Goal: To establish self-confidence, personal power, and freedom.
Our Day Programs have the ability to be custom tailored to fit the structure and schedule of the school/organization. Most sessions are set up to be 45 - 90min in length. During these sessions, we focus primarily on self-acceptance and becoming re-acquainted with who we are on the inside.
We have 2 options for content topics in our day programs:
1. Self Expression and Creativity
We begin the session in a meditation focusing on coming into our bodies and becoming aware of the room we are in. We transition out of meditation and begin guided free movement around the room exploring what it is to move in our bodies focusing on how it feels.
We then move into a collaborative choreography experience where we get to create from our own ideas. We wrap up with a discussion on what it means to express ourselves and the importance of doing so. This program will leave students empowered with an experience of self-expression and creativity.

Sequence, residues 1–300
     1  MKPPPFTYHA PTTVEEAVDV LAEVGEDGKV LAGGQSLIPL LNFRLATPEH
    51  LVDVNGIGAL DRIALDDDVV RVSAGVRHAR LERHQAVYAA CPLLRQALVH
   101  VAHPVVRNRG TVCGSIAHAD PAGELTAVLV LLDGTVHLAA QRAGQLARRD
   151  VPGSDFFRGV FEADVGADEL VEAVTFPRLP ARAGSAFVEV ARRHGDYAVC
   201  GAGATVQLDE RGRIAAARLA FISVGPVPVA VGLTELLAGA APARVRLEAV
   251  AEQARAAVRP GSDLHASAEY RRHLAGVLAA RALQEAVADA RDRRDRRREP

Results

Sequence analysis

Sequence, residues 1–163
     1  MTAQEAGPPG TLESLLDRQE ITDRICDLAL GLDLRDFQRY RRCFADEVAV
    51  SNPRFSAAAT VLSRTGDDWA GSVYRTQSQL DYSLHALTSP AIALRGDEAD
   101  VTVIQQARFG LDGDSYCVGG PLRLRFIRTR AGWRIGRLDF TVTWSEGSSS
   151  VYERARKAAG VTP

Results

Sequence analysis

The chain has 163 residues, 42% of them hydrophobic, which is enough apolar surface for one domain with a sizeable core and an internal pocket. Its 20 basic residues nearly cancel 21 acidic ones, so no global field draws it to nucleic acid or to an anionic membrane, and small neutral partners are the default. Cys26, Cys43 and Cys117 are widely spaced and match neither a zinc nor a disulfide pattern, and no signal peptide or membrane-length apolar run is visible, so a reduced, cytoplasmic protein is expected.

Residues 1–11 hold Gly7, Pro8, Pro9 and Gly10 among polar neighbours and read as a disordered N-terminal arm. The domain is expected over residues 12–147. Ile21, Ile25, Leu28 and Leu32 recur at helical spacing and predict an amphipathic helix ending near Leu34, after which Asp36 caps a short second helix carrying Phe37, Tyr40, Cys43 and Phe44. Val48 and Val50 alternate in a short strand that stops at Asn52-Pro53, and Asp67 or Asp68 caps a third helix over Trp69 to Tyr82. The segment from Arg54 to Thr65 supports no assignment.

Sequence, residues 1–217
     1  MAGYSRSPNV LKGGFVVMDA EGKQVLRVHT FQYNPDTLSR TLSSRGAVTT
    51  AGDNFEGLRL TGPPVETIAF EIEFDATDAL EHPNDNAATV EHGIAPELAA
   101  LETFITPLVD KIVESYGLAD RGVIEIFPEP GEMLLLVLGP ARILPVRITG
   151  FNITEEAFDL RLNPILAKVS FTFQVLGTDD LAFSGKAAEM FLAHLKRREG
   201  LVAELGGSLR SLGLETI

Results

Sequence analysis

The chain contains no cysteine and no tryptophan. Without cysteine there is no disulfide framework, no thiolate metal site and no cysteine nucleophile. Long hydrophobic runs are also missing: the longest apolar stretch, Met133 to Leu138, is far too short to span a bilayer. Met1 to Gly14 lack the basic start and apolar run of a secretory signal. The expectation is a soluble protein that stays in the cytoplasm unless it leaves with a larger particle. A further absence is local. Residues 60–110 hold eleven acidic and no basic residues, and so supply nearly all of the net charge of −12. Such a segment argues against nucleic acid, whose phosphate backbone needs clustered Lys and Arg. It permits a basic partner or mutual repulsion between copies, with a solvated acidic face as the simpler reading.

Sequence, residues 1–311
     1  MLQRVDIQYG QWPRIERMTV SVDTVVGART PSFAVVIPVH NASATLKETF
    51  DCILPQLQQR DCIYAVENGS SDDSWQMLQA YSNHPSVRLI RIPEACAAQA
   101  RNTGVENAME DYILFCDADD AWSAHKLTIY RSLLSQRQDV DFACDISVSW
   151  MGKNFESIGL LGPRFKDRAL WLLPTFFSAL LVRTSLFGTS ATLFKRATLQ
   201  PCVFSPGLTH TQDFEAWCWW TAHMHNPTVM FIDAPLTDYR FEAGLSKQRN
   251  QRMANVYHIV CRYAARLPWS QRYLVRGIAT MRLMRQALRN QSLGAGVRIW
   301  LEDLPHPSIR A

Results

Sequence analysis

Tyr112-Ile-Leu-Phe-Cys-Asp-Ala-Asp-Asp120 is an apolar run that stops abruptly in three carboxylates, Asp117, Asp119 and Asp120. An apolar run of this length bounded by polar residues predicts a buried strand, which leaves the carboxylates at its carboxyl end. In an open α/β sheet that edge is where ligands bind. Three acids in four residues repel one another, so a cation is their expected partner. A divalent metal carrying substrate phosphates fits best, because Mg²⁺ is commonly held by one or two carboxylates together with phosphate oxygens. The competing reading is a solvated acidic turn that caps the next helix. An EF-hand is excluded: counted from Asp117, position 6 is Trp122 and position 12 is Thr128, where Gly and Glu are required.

2. Meaning Making and Thought Processing
During this session, we work primarily in a group discussion format. We start to look at different perspectives on situations that typically occur in our adolescent and teen years; like perceived exclusion and miscommunications. We work through a process to discover our own power in making situations mean things about us. Often, when we perceive a situation as our fault we search for, "What does it mean about me?" The answer to this question is usually; "I am not enough", "I am wrong and bad", "No one likes me because...".
By providing our youth with the tools to work through their own thought processing when these perceived negative things occur will give them the power and freedom to choose how they respond. Allowing them to grow into adults who are self-aware and self-responsible. We facilitate a guide discussion using stories, real-life examples, and questions to get the point across.
Girls that have participated in this session have said they have experienced a breakthrough in how they think about their experiences.